Taylor57

Well-Known Member
I have 2 suggestions, both have caused endless debate, so maybe just consider them. First is a suspension front fork. The absolute worst ones available are still better than a straight fork when it comes to the amount of vibration reaching your wrists. You'll see that's a big deal.

Second is a throttle. I will never own a bike without one. They make starting from a stop, even if it's uphill, SO MUCH easier! Having that initial power for those first few feet while collecting your balance is pure luxury. They're also darned handy if you discover you've run out of energy on a ride. Last, if you have one of those inevitable "incidents" where you get banged up but you're still mobile, the throttle is darned nice to have to get you home or back to the car. Again, taking absolute worst case, you buy a bike with a throttle and you never use it. It weighs next to nothing, and I can almost guarantee the bike will be easier to sell because it has one.
Agree 100% with Hicks. That little burst with the throttle on flat ground lets you balance and then start pedaling. Mix in an uphill start and it becomes even more crucial. I know there are many on this board that poo poo throttles and I cant understand it for the life of me. In fact my latest bike the Frey CC has a throttle that is not programmed to work until I pedal a couple of turns. It is usually my 2nd choice if I am going to go for a ride. And yes, a front set of shocks and at least a suspension seat post are a must. Good luck on your quest...
 

Art Deco

Well-Known Member
Region
USA
City
Selinsgrove Pennsylvania
Available stock and a competent dealer are usually found together in these times. Way more important than any specific bike features, IMHO.
 

rich c

Well-Known Member
I disagree with Hicks. A throttle is not required on a mid drive with a torque sensor. His theory is equivalent to saying every person on a standard bicycle should have someone there to push them when they start across an intersection. A mid drive with torque sensor will instantly sense the extra force on the pedal and boost you across. IF you shift down like you would with a regular bicycle. Bulls are top notch eBikes. You won't be disappointed.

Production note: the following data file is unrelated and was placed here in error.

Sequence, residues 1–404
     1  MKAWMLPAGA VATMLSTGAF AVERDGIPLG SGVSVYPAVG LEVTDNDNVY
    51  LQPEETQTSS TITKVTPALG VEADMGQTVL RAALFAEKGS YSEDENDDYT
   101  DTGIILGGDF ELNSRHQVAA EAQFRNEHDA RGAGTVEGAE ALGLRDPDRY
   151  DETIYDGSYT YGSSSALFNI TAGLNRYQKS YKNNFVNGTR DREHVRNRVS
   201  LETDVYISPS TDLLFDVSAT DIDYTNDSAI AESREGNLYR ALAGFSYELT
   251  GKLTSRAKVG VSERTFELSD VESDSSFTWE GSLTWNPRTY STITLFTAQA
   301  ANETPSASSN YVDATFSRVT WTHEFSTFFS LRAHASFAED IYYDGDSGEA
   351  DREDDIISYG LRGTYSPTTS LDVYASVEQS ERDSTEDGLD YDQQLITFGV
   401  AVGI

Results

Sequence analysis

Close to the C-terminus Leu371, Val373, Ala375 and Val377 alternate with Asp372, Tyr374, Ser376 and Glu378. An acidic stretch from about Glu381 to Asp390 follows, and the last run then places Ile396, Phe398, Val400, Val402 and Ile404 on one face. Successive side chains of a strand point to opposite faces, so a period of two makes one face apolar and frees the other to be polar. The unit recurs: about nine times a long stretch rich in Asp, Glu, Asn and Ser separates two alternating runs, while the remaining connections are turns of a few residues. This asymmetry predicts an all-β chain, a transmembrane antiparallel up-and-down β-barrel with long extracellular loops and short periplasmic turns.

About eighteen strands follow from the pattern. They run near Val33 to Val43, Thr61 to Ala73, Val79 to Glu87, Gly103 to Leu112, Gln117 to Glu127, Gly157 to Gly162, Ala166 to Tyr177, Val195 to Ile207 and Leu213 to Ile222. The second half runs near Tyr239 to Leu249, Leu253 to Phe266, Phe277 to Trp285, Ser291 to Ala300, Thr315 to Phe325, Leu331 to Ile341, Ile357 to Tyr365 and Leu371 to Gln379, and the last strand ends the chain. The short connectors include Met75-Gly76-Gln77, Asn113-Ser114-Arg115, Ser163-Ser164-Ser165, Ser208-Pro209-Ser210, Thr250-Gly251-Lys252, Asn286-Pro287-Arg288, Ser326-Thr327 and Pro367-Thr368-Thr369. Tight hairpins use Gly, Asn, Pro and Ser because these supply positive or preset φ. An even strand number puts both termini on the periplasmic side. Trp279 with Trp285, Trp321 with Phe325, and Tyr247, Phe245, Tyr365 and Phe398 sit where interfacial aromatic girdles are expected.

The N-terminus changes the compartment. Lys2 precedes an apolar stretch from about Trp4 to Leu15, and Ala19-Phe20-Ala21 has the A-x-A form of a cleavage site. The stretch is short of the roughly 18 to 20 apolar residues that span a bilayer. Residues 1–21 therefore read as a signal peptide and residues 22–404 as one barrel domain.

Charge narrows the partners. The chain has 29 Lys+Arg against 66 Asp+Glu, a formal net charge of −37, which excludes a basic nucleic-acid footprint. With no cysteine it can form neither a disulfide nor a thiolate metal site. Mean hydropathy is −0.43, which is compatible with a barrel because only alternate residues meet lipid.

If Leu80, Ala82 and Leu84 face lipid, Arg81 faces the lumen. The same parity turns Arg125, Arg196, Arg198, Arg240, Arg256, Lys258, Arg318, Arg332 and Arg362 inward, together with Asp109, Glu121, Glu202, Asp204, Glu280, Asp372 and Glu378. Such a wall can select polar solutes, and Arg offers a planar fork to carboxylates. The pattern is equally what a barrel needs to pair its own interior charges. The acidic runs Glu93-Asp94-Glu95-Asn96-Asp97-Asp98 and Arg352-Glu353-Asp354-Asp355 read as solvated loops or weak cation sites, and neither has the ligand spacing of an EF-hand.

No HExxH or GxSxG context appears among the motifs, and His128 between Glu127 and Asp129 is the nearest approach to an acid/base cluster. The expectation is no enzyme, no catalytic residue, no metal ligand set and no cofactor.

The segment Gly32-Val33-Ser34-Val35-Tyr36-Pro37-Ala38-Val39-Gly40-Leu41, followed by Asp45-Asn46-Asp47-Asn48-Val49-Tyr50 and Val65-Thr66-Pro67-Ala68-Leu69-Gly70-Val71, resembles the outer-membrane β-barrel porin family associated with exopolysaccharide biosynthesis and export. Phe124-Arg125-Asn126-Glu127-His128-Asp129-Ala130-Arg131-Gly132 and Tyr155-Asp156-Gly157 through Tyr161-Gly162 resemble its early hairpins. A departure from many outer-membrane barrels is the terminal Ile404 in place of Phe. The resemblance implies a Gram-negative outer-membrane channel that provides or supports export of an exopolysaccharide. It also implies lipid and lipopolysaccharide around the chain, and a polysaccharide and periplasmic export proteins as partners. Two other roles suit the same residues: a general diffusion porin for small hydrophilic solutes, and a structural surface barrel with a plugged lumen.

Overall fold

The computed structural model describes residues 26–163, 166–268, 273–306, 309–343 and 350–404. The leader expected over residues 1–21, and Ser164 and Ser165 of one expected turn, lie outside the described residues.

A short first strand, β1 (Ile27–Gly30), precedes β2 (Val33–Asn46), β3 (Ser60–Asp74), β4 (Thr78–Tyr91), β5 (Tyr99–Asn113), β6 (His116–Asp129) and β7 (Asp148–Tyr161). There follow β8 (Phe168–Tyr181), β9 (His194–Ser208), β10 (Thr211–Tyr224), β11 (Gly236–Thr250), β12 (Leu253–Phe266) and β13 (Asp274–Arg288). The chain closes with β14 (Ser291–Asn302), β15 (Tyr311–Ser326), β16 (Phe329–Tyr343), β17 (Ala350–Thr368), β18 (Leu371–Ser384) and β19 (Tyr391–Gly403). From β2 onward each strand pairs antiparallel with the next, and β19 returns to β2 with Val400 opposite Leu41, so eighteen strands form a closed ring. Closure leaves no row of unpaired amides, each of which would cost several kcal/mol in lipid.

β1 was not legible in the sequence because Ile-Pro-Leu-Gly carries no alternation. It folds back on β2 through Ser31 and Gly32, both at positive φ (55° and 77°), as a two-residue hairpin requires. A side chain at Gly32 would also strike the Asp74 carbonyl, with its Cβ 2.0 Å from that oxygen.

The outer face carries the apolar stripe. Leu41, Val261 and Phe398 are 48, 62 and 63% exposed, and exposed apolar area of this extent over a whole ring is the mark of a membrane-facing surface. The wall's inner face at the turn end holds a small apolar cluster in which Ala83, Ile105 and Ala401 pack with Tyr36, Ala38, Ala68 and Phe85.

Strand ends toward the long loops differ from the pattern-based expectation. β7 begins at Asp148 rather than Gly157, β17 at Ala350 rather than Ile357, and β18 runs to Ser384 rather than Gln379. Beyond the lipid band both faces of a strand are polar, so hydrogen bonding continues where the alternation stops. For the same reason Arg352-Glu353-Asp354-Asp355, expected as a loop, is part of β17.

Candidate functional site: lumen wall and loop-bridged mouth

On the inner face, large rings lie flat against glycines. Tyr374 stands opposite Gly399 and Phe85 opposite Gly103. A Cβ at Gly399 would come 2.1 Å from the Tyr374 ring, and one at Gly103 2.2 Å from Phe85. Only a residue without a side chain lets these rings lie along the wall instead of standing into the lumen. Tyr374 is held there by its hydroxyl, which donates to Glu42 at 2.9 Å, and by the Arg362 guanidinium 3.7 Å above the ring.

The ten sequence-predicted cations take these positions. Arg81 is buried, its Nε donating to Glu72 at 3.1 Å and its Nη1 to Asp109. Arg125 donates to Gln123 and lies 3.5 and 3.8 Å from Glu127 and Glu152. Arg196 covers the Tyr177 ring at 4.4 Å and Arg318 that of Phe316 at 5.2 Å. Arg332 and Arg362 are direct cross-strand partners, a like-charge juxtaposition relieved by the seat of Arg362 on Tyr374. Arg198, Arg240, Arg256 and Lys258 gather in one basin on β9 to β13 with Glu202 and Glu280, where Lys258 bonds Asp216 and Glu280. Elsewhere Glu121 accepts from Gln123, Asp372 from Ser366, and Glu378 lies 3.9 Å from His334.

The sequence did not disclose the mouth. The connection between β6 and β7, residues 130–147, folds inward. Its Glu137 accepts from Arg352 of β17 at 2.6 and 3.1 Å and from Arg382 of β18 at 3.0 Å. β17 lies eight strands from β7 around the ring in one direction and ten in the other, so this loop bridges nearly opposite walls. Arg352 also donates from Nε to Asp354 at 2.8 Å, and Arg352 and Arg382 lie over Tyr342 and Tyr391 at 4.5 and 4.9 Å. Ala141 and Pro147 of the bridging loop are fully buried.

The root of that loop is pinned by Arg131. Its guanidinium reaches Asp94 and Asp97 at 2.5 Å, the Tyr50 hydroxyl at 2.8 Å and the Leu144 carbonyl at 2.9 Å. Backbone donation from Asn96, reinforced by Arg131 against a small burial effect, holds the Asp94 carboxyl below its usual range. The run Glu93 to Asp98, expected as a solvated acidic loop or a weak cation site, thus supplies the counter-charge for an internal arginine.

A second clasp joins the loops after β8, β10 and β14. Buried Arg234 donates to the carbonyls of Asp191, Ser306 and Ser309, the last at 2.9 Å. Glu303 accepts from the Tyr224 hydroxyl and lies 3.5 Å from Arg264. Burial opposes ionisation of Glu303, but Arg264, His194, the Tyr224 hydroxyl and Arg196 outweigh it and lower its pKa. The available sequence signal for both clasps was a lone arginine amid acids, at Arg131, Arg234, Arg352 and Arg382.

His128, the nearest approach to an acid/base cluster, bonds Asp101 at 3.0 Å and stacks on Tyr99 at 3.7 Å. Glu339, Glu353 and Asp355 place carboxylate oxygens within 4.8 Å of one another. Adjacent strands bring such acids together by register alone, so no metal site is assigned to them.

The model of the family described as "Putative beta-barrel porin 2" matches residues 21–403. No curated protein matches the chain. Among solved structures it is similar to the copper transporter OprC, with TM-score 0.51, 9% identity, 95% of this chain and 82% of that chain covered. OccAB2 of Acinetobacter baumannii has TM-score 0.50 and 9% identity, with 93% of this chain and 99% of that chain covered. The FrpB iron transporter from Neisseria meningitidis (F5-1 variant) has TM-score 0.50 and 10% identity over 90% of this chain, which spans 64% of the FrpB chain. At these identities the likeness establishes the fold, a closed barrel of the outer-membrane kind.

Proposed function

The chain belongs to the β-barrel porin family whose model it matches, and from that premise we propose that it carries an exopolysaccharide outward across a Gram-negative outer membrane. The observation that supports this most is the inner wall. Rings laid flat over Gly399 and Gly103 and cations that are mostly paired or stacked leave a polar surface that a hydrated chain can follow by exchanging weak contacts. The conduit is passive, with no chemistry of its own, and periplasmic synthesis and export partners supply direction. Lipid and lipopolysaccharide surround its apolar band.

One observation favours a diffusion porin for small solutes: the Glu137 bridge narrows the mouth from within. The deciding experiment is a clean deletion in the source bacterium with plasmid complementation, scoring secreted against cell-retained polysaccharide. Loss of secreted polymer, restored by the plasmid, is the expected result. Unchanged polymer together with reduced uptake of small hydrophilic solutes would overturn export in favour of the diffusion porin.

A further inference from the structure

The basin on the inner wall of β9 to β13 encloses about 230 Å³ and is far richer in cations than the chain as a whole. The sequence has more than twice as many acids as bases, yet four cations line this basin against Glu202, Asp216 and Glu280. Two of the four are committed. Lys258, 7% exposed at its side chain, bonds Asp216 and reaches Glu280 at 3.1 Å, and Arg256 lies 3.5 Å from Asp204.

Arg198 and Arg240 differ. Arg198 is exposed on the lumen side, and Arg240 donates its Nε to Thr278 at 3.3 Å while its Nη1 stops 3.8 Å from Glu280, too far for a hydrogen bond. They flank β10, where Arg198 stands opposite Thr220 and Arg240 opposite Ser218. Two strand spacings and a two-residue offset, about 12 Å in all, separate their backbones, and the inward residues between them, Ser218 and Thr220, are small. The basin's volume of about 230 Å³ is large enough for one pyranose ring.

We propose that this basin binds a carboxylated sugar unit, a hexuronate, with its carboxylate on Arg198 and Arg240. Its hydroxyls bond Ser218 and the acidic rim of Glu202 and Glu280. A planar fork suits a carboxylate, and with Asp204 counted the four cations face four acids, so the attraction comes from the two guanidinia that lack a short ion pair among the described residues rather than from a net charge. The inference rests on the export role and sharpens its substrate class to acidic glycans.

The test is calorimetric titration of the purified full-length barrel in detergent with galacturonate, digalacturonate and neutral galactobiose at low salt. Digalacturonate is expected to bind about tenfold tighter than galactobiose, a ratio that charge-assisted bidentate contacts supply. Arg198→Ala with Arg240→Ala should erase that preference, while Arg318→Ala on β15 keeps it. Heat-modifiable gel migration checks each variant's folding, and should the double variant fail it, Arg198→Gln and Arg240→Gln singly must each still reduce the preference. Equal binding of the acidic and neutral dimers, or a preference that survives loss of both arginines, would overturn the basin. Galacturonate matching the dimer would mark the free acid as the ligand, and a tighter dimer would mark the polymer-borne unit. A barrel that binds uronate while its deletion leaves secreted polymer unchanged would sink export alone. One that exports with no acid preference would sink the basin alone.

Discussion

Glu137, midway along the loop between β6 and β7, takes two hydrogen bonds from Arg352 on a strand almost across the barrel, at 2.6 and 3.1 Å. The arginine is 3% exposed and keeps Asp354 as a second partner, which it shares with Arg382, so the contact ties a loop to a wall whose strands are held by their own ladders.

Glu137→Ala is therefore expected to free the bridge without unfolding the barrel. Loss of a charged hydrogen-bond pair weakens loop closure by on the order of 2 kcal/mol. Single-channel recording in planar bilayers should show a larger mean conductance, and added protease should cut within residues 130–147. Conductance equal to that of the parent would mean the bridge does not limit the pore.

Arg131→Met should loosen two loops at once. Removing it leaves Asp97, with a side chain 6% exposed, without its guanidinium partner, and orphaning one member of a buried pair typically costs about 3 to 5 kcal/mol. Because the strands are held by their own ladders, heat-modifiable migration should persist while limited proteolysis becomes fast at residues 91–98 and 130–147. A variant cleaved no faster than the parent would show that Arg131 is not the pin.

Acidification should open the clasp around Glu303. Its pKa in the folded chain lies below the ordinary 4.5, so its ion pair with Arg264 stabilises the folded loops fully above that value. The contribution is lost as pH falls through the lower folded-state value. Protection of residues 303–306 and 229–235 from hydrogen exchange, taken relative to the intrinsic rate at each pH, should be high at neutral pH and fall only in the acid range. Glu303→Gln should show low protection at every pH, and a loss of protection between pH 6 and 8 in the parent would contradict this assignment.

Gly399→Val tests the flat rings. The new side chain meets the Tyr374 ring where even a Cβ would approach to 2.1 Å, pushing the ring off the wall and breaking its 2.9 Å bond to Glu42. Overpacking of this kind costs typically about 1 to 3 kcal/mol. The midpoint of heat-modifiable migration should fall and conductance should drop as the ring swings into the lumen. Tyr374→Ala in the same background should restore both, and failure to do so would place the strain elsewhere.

reed scott

Well-Known Member
I disagree with Hicks. A throttle is not required on a mid drive with a torque sensor. His theory is equivalent to saying every person on a standard bicycle should have someone there to push them when they start across an intersection. A mid drive with torque sensor will instantly sense the extra force on the pedal and boost you across. IF you shift down like you would with a regular bicycle. Bulls are top notch eBikes. You won't be disappointed.
Maybe not 'required' but certainly worth having. After having one ( I use it very little and never to go fast or climb hills ) I will never be without one.
 

dodgeman

Active Member
Region
USA
When I rode the rented e bikes I didn’t really find a need for a throttle but I also am used to downshifting when stopping. I actually would back the boost down a little sometimes at a stop because on turbo there was a surge when taking off.

Om my current pedal only bike I have a seat post that has a shock and a front suspension fork. I remember when I first got it the weird feeling it had, almost like a broken frame. I’m going to assume it will be a must for me.

I just realized I have only had two bikes in my lifetime other than kids bike. I got a Fuji ten speed in my teens, probably 1975 vintage, and my current Trek, which is 18 years old. Time for a new one.

Thanks again for the suggestions. A good example of the help is thinking how I will get them in my truck.
 

AHicks

Well-Known Member
Region
USA
City
Snow Bird - Summer S.E. Michigan, Winter Gulf Coast North Central Fl.
Regarding my list of reasons for having a throttle (above). If you are anything like me, there WILL be times when you need to stop in a hurry, and find yourself in the way wrong gear when it's time to leave. The throttle will help get the bike mooving enough to allow you to downshift to a gear that you SHOULD have been in prior to the hurried stop....